Each tank brewed throughout the season will take on a short life of its own, and the way each matures in the tank over the several-month aging period will be slightly different. Some will seem more well-rounded and balanced, others more brash and immature. The flavor and fragrance will of course be slightly different for each as well.  So one other reason for tasting from each tank is to determine in which order the tanks will be bottled and shipped, with the more mature-tasting tanks going first.

These days, ceramic or glass-lined stainless steel tanks are the norm, so that the worries of the past are not as much of a concern today. Still, the event takes place, with the toji and owner being joined by perhaps a few important sake dealers, and several “kanteikan”(professional tasters) from the prefecture’s sake research center, or similar such organization. These sensei will record their opinions in detail, to be used by the brewery for internal reference only.

Things proceed much in the same way as the old days, with sake being drawn off from a valve at the bottom of the tank. The temperature is recorded, sometimes written in chalk on the ground or tank. The number of the tank is recorded, and the sake brought to another room for a formal tasting in a more official setting.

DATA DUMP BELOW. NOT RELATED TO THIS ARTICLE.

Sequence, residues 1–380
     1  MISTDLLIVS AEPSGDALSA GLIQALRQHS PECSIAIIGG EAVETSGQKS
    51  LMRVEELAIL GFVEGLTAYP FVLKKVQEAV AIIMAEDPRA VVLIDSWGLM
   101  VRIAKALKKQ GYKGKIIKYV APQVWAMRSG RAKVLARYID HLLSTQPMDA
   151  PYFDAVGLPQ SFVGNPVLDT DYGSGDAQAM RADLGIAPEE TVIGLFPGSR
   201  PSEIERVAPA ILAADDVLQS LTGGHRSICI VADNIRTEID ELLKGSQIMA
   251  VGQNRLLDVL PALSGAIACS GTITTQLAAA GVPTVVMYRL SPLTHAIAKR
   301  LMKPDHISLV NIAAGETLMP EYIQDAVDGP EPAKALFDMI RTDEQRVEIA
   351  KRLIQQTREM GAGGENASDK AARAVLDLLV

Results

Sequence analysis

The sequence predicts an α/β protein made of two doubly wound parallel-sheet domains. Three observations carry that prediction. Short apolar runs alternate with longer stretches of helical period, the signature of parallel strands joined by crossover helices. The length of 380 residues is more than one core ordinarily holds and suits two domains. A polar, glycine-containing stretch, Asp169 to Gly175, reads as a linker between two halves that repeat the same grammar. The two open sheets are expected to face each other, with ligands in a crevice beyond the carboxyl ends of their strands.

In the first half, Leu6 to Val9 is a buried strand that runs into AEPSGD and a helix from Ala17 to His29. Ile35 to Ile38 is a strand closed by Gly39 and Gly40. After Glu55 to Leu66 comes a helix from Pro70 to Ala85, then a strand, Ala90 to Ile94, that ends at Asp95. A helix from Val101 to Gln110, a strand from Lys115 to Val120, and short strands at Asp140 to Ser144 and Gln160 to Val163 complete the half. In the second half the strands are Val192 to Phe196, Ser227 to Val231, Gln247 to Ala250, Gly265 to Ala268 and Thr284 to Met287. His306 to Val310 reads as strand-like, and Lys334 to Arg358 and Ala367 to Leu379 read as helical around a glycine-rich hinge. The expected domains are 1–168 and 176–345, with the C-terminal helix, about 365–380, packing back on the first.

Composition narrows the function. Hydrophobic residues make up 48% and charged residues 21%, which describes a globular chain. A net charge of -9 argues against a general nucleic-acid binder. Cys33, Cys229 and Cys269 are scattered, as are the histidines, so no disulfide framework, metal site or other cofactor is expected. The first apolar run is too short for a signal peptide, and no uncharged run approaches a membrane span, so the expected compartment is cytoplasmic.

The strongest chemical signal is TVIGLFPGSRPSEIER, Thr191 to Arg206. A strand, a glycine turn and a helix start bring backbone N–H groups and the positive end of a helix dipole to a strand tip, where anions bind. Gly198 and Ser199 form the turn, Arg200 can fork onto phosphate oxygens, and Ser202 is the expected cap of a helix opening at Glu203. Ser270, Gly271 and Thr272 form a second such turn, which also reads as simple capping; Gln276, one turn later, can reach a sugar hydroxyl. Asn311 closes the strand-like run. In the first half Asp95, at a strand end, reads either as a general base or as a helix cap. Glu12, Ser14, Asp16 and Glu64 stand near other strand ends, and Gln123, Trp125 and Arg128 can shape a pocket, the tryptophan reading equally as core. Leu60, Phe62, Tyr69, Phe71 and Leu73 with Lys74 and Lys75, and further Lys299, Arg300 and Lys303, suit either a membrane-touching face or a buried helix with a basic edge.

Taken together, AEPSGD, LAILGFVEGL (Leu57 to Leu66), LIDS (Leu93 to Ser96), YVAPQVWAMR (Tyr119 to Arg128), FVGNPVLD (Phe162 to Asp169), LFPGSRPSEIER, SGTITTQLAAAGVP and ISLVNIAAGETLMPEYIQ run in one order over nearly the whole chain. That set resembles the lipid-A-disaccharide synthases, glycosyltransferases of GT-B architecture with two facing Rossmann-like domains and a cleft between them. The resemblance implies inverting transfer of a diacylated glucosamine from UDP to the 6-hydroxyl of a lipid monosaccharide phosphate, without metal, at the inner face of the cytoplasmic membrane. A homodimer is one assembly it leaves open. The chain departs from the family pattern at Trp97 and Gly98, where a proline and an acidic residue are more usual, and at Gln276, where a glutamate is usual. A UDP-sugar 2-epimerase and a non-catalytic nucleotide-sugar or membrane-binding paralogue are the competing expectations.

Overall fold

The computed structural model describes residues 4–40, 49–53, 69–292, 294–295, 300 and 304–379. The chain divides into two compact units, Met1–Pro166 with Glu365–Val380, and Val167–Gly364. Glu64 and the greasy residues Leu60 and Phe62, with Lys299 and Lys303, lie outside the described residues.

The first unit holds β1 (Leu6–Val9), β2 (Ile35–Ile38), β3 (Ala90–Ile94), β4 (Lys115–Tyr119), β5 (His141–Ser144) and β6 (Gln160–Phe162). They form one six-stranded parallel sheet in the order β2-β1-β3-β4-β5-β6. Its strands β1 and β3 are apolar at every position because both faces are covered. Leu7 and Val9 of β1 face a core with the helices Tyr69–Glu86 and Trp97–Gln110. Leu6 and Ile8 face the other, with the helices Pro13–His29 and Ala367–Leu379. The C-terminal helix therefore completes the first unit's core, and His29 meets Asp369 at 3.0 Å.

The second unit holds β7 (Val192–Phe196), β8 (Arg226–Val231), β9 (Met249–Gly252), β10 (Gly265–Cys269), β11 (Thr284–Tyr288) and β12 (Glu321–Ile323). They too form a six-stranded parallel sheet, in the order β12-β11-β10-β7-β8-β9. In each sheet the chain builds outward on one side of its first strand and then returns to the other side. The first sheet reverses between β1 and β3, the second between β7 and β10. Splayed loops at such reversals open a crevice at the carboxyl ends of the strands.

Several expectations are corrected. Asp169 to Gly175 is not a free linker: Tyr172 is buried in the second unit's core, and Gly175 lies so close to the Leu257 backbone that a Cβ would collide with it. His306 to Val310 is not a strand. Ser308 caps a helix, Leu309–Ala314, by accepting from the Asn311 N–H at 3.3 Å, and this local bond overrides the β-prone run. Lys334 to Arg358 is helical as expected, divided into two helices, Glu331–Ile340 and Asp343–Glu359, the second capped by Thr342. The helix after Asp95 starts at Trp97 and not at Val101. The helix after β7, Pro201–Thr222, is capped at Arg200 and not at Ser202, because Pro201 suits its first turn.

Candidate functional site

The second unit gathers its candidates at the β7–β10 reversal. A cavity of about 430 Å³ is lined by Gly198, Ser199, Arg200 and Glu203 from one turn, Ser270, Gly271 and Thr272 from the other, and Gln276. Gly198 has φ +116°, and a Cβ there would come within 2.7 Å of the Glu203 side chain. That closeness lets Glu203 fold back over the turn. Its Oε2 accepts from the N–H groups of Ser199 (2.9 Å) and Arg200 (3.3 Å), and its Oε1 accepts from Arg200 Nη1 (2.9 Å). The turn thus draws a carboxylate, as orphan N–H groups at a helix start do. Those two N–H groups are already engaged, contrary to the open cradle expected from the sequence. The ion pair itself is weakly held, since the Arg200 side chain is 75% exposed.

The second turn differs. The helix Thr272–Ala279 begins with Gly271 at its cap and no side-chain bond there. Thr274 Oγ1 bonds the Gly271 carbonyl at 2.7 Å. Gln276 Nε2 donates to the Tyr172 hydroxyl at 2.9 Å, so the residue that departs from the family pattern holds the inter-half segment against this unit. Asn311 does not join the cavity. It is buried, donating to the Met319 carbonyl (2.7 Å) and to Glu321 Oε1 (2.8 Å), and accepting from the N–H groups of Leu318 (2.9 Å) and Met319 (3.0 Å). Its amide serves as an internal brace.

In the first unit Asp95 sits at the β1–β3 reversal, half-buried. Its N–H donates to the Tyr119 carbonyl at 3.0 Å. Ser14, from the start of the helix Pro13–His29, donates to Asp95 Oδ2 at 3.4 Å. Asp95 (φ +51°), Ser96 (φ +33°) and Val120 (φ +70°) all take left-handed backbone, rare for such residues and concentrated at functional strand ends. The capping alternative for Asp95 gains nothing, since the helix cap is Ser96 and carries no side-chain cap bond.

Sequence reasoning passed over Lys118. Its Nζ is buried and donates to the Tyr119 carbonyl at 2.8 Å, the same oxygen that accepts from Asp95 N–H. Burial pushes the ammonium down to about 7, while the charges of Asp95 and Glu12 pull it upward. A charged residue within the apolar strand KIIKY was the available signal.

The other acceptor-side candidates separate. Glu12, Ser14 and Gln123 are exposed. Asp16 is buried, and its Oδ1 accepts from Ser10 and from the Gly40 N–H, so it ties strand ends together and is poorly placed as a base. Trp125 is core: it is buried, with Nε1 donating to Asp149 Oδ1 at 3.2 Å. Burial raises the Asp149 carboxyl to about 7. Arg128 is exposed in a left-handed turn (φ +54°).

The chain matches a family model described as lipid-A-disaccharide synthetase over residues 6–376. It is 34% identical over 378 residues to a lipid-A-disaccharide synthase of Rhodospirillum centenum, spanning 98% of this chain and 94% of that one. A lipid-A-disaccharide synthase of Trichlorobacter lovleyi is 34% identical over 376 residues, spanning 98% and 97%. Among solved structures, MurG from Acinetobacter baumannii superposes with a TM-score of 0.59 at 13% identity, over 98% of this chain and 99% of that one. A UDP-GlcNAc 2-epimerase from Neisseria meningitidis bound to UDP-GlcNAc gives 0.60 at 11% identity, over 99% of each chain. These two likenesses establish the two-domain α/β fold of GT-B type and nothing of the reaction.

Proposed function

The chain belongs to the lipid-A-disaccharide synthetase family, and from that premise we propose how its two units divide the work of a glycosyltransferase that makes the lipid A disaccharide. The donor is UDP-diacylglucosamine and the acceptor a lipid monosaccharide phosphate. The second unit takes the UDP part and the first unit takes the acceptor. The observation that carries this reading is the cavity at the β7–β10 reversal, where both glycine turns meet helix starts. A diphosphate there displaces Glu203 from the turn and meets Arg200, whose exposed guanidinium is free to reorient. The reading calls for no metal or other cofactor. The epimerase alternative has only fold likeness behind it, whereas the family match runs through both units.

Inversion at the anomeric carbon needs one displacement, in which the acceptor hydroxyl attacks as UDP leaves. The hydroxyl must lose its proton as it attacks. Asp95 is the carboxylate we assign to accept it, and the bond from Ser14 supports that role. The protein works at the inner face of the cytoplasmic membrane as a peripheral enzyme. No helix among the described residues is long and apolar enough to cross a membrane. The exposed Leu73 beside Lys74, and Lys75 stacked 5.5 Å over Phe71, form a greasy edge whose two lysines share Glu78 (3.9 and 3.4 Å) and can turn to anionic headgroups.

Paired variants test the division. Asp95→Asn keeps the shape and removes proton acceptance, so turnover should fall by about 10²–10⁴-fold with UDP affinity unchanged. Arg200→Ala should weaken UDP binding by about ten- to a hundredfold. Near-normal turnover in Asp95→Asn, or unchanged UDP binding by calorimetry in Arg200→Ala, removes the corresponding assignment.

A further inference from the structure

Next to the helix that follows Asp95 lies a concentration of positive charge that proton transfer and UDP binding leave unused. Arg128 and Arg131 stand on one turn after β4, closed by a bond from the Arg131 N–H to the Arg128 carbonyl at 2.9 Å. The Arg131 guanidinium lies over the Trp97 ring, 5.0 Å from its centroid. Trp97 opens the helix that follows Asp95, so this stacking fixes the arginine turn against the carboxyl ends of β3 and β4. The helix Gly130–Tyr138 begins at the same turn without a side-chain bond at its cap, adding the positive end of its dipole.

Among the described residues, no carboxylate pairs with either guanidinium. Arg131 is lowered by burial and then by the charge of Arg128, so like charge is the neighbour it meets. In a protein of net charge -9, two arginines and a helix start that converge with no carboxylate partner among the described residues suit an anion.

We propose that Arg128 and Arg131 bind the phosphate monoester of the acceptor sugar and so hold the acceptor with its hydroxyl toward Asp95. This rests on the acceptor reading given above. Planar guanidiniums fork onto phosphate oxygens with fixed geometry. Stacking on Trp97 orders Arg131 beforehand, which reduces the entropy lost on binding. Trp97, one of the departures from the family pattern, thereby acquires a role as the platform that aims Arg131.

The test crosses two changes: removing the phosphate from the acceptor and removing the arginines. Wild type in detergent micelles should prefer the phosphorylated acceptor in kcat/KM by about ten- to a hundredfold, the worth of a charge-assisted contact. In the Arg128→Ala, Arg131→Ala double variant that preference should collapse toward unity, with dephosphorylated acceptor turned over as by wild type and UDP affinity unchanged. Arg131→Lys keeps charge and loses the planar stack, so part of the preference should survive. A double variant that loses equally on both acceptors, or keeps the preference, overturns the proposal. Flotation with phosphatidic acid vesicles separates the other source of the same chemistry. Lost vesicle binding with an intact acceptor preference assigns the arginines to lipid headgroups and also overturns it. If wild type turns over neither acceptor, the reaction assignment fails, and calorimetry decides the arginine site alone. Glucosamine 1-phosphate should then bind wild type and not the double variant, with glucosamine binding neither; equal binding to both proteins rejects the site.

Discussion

The results of this exercise will also help determine how the blending of the various tanks will proceed. For example, blending tank #4 with tank #21 may create precisely the type of sake aimed for, based on the tasting notes. Other information, such as whether or not a sake will benefit from pasteurization or extended aging, can also be inferred.

Naturally, things are vastly different from kura to kura. For example, most places have already completed their hatsu-nomikiri by the end of July. Many kura in Akita Prefecture, however, gear up for the event in September. Also, as this is the 塗atsu・(first) nomikiri, traditionally kura would then check the condition of the sake several times after that.

However, this is not something to be done haphazardly. When the tank is opened and sake drawn off like that, there is the risk that this act in itself will allow contaminating bacteria into the tank. It must be performed carefully, with clean implements.

Today, however, there is great diversity in the methods of each brewery. Many places age their sake in bottles, not in tanks. Also, some breweries age their sake a full year or two (usually at low temperatures) before even considering shipping it. Although the condition of such sake will also be assessed from occasionally, the actual hatsu-nomikiri might not take place for a while.

Although the timing and logistics of the hatsu-nomikiri have evolved and are adapted to each brewery’s needs, the event takes place everywhere, with at least a bit of fanfare.